This initiative has caused domestic and international concerns regarding market uncertainty and a potential for international trade tensions assuming an increasingly important role going into 2021. While the immediate impact is hard to assess at this point due to deliberations on how strictly it will be enforced, one thing remains certain – restrictions in capital flows between two economic superpowers can be expected to have far-reaching implications for global markets.
NYSE Announces Delisting of Chinese Telcos
The New York Stock Exchange (NYSE) recently announced that it would delist three major Chinese telecommunications companies. This decision was made in response to an executive order from the US government stating that companies owned or controlled by the Chinese government are subject to US sanctions.
This announcement has sent shockwaves through the markets and has raised questions about the consequences of the delistings.
Overview of NYSE decision
The New York Stock Exchange (NYSE) has announced plans to delist three major Chinese telecom companies on January 11, 2021 under the executive order issued by the Trump administration. The NYSE’s decision affects China Mobile, China Telecom Corp., and China Unicom Hong Kong Ltd.
According to the US executive order released in November 2020, US citizens are prohibited from providing services to stock exchanges that list these companies by January 11. In addition, the Executive Order prohibits transactions and activities with any company owned or controlled, directly or indirectly, by the Government of China that supports its military-industrial complex.
As a result of this new executive order, NYSE has suspended trading for each of the three companies involved: China Mobile Ltd., China Telecom Corp., and China Unicom Hong Kong Ltd. Residents and U.S.-based investors will no longer be able to buy or sell securities in these firms listed on NYSE after January 11th 2021. However, overseas investors still have access to these stocks as they are not affected by any restrictions imposed by the US president’s executive order discussed here.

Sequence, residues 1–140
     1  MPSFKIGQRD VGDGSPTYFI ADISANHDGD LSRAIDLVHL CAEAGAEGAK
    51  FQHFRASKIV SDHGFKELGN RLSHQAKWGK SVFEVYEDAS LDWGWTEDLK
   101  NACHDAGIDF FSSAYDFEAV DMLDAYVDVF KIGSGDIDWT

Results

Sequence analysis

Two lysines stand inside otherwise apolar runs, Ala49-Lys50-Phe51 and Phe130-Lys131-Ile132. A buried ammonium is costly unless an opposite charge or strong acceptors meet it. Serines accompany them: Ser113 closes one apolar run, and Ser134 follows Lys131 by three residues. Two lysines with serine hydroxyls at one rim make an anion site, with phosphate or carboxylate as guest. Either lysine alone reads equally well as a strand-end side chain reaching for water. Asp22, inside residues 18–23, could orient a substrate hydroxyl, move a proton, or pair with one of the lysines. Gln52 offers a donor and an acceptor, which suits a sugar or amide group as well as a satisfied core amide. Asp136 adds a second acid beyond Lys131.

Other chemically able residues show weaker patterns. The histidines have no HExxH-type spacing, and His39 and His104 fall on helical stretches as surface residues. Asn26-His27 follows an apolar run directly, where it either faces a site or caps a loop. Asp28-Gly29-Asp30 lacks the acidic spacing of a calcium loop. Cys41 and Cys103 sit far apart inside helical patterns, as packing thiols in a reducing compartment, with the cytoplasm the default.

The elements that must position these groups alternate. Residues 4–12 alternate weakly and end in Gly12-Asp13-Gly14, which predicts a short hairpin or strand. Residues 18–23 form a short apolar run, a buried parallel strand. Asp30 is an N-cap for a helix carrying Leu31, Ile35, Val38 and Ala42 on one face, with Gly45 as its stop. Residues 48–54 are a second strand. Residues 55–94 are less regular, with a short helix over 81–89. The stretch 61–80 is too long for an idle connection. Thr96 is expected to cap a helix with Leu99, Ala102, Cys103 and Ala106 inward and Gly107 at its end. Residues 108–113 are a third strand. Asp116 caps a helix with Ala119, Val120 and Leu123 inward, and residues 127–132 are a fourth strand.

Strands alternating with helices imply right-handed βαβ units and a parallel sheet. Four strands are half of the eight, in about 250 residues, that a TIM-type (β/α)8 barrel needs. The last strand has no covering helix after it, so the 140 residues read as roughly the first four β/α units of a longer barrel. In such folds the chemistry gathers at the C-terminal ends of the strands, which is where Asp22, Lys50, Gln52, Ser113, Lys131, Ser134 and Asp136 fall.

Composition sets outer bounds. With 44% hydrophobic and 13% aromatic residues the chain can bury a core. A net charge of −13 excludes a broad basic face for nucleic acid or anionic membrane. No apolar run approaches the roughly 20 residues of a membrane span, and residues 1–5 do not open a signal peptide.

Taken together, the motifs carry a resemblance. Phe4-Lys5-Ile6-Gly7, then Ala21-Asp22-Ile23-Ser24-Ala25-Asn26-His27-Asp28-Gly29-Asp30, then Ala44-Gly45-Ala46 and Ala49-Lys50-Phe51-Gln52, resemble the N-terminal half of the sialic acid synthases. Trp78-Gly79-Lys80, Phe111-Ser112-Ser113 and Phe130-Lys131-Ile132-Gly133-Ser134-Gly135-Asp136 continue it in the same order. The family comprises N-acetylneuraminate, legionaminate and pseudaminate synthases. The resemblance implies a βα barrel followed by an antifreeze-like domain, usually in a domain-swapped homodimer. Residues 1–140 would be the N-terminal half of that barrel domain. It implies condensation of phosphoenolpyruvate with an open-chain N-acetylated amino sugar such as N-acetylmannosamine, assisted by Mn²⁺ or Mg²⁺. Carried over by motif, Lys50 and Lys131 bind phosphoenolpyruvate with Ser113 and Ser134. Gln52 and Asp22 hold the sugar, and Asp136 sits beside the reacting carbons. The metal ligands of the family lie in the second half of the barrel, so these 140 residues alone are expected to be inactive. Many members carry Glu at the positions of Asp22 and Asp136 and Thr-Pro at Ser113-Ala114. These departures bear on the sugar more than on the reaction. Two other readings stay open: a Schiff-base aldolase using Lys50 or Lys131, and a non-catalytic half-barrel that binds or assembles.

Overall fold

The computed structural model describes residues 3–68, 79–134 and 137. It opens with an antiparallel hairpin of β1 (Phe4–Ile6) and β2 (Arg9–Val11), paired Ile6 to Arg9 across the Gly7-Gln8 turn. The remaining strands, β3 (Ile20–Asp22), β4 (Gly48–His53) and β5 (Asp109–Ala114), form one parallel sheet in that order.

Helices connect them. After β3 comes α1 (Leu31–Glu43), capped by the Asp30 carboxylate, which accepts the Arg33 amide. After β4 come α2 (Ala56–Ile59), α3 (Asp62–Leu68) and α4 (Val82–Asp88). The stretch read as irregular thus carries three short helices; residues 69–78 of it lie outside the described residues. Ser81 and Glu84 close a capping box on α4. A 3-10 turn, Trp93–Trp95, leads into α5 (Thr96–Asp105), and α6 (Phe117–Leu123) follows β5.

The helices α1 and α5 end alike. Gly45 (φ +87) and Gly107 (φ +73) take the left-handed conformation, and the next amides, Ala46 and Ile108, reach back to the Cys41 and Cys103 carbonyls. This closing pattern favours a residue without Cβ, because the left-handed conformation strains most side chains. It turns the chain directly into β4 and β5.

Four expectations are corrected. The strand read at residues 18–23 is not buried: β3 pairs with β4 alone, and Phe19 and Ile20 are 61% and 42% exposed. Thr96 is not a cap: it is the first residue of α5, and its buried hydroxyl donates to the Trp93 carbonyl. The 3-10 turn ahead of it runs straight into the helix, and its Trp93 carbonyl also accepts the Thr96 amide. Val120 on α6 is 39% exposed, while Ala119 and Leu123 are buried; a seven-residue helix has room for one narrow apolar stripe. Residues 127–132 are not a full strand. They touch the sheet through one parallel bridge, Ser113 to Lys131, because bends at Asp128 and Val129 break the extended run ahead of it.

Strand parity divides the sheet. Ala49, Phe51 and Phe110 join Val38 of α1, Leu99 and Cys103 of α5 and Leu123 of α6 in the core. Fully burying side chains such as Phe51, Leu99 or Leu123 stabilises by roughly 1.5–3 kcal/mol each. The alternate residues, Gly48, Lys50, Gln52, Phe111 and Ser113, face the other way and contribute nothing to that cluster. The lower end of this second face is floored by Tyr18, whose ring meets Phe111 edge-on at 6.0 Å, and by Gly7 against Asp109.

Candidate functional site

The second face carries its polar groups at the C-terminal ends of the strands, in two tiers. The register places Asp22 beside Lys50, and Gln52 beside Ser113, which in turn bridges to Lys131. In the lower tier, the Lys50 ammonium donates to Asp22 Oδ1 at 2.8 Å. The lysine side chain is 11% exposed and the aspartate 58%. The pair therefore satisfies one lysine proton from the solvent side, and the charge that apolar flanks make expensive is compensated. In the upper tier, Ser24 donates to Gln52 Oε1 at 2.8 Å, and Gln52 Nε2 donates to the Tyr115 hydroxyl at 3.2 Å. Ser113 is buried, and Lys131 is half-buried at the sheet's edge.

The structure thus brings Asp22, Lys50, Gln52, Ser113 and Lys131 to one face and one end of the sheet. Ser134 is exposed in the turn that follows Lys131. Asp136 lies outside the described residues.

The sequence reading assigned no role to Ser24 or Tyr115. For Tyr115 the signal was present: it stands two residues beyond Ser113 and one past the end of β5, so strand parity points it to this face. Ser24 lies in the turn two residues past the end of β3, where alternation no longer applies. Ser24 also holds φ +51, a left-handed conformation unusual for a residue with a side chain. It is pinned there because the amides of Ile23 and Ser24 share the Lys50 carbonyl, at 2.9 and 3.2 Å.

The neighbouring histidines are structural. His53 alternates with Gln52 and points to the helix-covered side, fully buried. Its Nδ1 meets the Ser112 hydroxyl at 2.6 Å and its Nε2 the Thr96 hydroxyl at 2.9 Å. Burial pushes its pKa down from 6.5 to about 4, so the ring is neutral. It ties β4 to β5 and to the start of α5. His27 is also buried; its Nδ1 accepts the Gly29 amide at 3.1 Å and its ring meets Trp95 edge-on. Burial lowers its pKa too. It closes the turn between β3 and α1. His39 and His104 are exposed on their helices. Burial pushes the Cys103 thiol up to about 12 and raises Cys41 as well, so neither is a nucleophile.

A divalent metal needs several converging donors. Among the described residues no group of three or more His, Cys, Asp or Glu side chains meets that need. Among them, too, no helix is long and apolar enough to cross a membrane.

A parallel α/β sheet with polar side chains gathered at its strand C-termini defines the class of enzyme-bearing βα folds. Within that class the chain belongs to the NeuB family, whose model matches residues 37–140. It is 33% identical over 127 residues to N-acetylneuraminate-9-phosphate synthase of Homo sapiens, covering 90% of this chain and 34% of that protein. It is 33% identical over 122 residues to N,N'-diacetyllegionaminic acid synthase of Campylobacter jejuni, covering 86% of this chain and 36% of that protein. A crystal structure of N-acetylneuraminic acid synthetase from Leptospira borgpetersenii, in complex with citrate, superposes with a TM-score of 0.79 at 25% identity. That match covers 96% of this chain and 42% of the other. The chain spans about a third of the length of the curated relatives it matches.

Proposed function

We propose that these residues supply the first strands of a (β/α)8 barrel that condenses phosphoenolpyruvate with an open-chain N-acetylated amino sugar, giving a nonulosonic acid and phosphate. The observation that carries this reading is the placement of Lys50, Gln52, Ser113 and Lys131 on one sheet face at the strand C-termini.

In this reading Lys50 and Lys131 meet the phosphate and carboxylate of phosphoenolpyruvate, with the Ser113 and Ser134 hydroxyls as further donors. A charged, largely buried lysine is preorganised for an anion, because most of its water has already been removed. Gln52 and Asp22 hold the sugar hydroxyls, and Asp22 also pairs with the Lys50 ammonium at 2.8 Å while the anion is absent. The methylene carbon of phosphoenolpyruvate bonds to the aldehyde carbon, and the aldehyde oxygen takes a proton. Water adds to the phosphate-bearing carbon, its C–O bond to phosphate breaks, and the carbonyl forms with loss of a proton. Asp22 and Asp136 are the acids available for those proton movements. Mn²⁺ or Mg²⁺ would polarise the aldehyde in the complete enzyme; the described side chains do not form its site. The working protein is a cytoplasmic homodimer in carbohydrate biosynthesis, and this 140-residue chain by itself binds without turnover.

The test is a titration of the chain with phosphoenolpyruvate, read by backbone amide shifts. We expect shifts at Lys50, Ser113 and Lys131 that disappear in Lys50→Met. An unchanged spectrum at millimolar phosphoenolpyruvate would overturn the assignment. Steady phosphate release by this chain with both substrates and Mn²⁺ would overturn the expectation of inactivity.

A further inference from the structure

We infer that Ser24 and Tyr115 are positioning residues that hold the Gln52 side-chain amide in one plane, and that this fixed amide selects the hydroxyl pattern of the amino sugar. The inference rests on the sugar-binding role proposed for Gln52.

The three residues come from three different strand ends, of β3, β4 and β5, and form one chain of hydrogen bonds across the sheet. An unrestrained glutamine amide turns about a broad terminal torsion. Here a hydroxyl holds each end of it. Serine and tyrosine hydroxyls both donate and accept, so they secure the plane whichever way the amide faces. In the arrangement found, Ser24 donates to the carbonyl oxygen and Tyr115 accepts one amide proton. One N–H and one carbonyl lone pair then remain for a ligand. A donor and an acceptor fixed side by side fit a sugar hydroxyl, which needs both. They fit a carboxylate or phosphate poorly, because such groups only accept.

Impact of delisting on Chinese telcos
The delisting of major Chinese telcos from the New York Stock Exchange is expected to substantially impact the affected companies. According to reports, shares of three major Chinese telcos – China Mobile, China Telecom, and China Unicom, currently listed on the NYSE – will all be delisted under an executive order issued by US president Donald Trump.
The move seeks to cut off US investors’ access to these firms and has reportedly caused a sell-off in their respective stock prices. Additionally, delisting is expected to restrict investments in these firms by both institutional and retail investors that prefer exchanges with greater liquidity. This could result in reduced foreign investment activity and is likely to harm their business operations domestically and internationally.
Furthermore, the delisting also comes amid an increasingly hostile political climate between the United States and China and disputes over human rights violations against ethnic minority Uighurs within China. This could negatively affect investor sentiment towards Chinese telcos internationally, limiting long-term market growth potential for these firms outside their domestic market.
The announcement of the NYSE’s delisting of three Chinese telecom giants brought widespread uncertainty to the markets, with fears of an economic downturn in China and the US. As a result, investors are currently taking a wait-and-see approach, as market reaction could range from a modest decline to a massive selloff.
Investors also consider how much more Chinese stocks need to be delisted on other major exchanges such as NASDAQ. For example, trades for companies like Hikvision and SMIC have been halted on NASDAQ following the news that SEC had opened investigations into potential violations of US law.
Though there is some certainty about the direction of these three affected telecoms’ stocks, there’s still much uncertainty given the lack of details around enforcement and resolution by both parties. As such, many investors are waiting for confirmation or denial of the executive order before making any substantial moves in either direction – including purchases or divestment.